So during Mother’s Day and Father’s Day I am usually happy and sad. Happy because I love my role as a mother but sad because I am grieving the loss of a mother I wish I had. I long for the conversations we could have today about marriage, careers, love, family, menopause and growing older. But she’s not around – she doesn’t want a relationship with me. And that hurts. On Mother’s Day, for those that know me, I would love to get a hug for the grief I experience for the mother I never had.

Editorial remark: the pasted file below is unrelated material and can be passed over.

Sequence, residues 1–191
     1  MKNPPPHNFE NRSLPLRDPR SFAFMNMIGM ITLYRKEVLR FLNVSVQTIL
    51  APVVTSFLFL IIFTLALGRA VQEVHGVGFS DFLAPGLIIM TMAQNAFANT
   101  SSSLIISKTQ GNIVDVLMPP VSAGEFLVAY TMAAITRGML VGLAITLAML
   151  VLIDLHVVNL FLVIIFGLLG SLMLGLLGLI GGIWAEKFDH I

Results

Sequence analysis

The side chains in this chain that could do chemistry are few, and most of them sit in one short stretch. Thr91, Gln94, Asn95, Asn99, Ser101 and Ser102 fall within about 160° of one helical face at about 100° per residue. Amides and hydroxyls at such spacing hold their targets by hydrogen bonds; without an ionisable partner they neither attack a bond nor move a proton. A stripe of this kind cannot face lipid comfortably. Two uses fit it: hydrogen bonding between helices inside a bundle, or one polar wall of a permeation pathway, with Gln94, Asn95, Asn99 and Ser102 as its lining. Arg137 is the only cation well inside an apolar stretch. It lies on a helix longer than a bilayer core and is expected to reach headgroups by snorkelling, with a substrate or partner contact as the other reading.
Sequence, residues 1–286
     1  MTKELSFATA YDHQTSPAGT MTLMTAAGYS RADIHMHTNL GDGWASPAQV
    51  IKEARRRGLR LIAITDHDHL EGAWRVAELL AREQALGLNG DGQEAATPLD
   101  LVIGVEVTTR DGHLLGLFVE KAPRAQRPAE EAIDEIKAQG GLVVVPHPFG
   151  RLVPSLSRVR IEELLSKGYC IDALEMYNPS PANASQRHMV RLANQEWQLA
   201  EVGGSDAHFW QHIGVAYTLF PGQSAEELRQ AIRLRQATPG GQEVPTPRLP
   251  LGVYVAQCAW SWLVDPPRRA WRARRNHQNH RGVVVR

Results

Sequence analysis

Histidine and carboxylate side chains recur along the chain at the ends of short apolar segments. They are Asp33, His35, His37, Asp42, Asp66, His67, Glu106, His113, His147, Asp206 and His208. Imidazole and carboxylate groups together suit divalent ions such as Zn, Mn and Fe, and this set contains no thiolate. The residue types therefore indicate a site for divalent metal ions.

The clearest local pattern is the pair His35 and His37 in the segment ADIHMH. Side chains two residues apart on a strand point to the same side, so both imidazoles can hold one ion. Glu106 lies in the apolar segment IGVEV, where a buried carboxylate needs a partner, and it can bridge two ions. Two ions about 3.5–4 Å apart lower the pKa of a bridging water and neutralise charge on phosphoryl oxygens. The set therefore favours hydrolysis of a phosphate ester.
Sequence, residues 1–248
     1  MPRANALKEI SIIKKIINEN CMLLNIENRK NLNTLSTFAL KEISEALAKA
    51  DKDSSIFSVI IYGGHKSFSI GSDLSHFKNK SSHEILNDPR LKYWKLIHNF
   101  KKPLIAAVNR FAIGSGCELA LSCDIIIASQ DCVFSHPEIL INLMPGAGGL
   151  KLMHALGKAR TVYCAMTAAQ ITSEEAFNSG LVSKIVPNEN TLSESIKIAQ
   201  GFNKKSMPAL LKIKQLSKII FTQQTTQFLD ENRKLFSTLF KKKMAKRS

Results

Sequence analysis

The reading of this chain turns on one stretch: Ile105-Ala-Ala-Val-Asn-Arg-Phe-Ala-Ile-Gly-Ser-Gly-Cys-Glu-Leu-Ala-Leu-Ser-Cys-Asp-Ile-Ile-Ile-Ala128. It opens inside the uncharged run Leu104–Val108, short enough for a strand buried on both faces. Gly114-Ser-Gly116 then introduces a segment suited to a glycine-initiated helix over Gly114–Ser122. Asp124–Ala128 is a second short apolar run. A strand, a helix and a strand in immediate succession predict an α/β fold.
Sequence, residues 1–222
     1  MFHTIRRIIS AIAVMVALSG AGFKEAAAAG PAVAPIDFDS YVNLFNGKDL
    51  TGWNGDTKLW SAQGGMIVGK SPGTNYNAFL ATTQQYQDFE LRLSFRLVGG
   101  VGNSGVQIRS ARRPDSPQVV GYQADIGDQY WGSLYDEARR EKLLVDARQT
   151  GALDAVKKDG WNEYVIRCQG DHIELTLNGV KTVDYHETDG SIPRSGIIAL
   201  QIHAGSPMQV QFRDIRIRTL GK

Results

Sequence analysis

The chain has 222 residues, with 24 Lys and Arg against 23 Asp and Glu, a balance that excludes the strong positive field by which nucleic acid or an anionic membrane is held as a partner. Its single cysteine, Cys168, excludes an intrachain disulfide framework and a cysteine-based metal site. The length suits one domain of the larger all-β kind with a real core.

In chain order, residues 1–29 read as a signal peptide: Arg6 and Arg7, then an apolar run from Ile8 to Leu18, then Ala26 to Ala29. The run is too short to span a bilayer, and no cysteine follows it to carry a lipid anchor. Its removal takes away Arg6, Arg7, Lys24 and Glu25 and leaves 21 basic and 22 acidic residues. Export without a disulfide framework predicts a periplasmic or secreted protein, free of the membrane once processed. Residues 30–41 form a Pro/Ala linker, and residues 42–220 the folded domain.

The question becomes – how do I survive the heartache? Well, I’ve learned to reach out to my mother in spite of her attempts to push me away and completely out of her life. I endure the pain of rejection as she responds each time that she is comfortable with the ways things are. I shed my tears and then I pray and ask God to help me deal with my feelings of anger and jealousy. And like the loving Heavenly Father that He is – He always responds. I know that God cares about me and how I feel about what is happening to my family. He speaks to me and shows me how I have been blessed and that these blessings have been provided to me as a source of comfort. And He also lets me know that I am truly special because I am free from any form of family violence. He lets me know that I am truly blessed to have escaped from the hell I was in and guides me so that I will never experience it again. So I survive Mother’s Day and Father’s Day by counting my blessings. I praise God for the three beautiful children that I have. I praise Him for all of my family and friends. I thank God that I am safe and healthy and happy. And that I am able to look to Him as my provider and source and that I have a sound mind and discernment to let go of those people that are not good for me. Most of all I thank God that I broke the cycle. I know that it is a miracle that I don’t inflict the same sort of emotional terror and torture on my children that I experienced. I thank God that I renewed my mind and that He healed my heart so that I am able to receive His glorious love and able to pass it on to my children. Lastly, I survive because I pray for my mother to recover and escape the hell she is experiencing emotionally and physically. I pray that I never forget her – and to honor her I put a picture of her in my bathroom by the light switch so that each time I leave out, and this is frequently, I remember to praise God for healing her. I pray that I never become so wrapped up in my own personal pain that I forget that I am blessed to be a blessing.  In the church newsletter article I read I am reminded that it is now my turn – my turn to assume the role as nurturer and caregiver and the one that shows unconditional love and patience. And so although hurt,  I do just this – albeit from a distance. I know that this is what my Heavenly Father has strengthened me to do and I also know that if I was in the same position as my mother, that He would send an angel to watch over me and others that would do the same for me too.